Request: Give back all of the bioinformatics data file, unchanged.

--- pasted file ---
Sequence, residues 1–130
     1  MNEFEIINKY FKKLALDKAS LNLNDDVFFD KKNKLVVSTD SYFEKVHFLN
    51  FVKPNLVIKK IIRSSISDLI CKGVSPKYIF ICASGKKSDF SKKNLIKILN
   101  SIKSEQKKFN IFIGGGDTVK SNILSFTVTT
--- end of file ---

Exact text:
Sequence, residues 1–130
     1  MNEFEIINKY FKKLALDKAS LNLNDDVFFD KKNKLVVSTD SYFEKVHFLN
    51  FVKPNLVIKK IIRSSISDLI CKGVSPKYIF ICASGKKSDF SKKNLIKILN
   101  SIKSEQKKFN IFIGGGDTVK SNILSFTVTT